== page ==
Labour Leadership: Crunch Time

The dilemma for the Labour party member in voting for their next leader has been simple: does one vote for success, or for purity? Both the Tories and the Liberal Democrats, in their most recent leadership elections, voted for success: neither Cameron nor Clegg hail from the most dominant wings of their party, yet both seemed to promise electoral gain. They now share power (though Nick shares more than Dave), and thus the experiment – like the last Labour contest, way back in 1994 – was a success. How, though, to respond to the new politics? Pick a champion  of Labour values, or a potential Prime Minister?

The choice is not so stark: three of the candidates (Ed B, Ed M, and David M) could make passable claims to offering both. But the elder Miliband places the emphasis on being a readymade PM, and the younger on championing Labour values (many of which observers may have missed he previously held); Ed Balls is the most interesting of the three, in the sense that he has blossomed during this contest more than any other – developing his arguments and harrying the government, he has emerged as not just a credible leader but also the only prominent politician offering a narrative other than the one established by the Tories (and Jonathan Freedland is right that this is the urgent task facing Labour).

Consequently, and in the absence of a clear perfect candidate, today I took the radical step of placing my first preference simply for the candidate who has fought the best campaign. And here are the words I could not possibly have predicted writing in May: that was Ed Balls. Not a single poll suggests he has much of a chance of winning – although he’s second choice amongst former MPs – so my hope remains that, between the Milibands, it’ll be the firstborn that wins. Much like many of Ed M’s own supporters, it’s clear to me he’d be the better leader of the two.

You’ll be pleased to read that I won’t bore you with where my Treasurer, NEC and NPF votes went.

5 thoughts on “Labour Leadership: Crunch Time

  1. I still don’t quite see the Ed ball’s thing. Admittedly, he has appeared a bit more passionate and proved himself to be quite fierce during debates but do you really think he’s on the rightside of the economic argument? I think Labour should be asking questions about what is cut and also, maybe about the balance between cuts and tax rises but Ball’s, it appears to me, seems to be about some idea of even more stimulus and basically an overall spend our way out, vibe. I would worry if that was the road Labour chose to go down.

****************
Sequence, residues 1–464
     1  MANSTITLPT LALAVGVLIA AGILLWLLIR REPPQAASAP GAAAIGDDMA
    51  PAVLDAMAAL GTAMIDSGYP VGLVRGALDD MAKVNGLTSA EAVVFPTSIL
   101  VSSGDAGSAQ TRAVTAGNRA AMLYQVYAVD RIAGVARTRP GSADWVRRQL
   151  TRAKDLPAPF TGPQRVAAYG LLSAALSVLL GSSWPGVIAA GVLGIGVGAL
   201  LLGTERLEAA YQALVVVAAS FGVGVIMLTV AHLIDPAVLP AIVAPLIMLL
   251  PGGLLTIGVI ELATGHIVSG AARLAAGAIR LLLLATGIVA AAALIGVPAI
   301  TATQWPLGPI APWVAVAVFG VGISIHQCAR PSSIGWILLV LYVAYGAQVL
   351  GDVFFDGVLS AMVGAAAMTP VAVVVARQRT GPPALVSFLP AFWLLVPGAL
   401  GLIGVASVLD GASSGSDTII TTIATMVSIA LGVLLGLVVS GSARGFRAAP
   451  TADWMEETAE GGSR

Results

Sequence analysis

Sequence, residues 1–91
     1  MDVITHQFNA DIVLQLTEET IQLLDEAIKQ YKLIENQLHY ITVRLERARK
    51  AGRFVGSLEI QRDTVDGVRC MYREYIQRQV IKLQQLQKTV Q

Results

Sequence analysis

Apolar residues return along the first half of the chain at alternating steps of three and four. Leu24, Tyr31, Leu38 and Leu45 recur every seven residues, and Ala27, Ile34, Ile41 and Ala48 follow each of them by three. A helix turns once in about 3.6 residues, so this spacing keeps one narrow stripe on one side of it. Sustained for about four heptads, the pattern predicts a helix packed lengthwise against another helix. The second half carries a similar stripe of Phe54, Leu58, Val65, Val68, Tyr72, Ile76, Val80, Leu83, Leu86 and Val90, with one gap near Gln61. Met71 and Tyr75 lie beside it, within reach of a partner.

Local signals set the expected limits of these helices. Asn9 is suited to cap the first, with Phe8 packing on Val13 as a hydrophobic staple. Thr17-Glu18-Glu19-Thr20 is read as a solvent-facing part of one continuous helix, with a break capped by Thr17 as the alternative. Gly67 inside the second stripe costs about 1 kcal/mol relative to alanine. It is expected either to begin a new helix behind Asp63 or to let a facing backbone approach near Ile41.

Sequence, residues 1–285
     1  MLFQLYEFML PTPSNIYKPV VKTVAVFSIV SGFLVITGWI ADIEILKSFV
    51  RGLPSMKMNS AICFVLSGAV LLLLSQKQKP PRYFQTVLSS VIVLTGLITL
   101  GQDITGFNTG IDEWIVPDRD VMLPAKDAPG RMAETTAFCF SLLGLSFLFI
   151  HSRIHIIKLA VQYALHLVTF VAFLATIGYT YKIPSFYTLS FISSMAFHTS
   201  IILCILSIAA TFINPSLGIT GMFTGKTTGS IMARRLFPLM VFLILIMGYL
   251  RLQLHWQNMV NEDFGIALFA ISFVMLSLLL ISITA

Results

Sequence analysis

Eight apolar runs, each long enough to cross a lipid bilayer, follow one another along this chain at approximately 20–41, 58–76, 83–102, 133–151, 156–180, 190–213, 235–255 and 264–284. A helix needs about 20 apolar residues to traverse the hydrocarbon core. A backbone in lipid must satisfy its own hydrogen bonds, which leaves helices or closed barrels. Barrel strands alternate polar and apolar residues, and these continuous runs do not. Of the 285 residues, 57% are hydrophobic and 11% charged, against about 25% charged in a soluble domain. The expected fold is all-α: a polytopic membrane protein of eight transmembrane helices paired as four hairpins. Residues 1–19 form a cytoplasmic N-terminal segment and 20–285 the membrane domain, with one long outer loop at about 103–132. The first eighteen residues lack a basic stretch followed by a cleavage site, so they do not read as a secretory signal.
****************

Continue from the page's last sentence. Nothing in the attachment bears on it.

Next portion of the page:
Where we are agreed is Ed Milliband. I never understood why so many people banged on about him in the past and, like you, have found his recent discovery of the left unconvicing. I also agree, if this was your implication, that David Milliband would give the best fight to Cameron and Clegg (which, really, is the most important thing for labour to do). I don’t much like DM, I find his rhetoric to detached from the his personal belief in a way that even the likes of Cameron and Clegg’s isn’t, but I do think he would keep Labour in the centre and hopefully offer a genuine alternative to government and not just passionate, and easy to cheer, protestation.

    It will definitely be interesting to see who becomes leader, it’s the most important event of the conference season for all parties.

  2. Good to hear from you, Mr C – and I somehow had you pegged as a man who would be not entirely convinced by Ed B. 😛

    On the issue of economics, I actually did find Balls’s Bloomberg speech the clearest, best argued speech on economics made by any of the five candidates. Whether or not this means he’s right is another question entirely, of course, but it can be answered in one of two ways: economically, we simply (and this in Ed’s own words on QT last week) don’t know; politically, though, Labour very much needs a narrative of its own. You say the party should be engaging in horse-trading with the Coalition about what cuts should be made where, but this smacks of accepting the government’s narrative wholesale; what Labour instead needs to do is accept the reality of the deficit, admit the changing relationship between the state and spending, but offer a less heartless, more heartening, characterisation of the challenge this presents us with.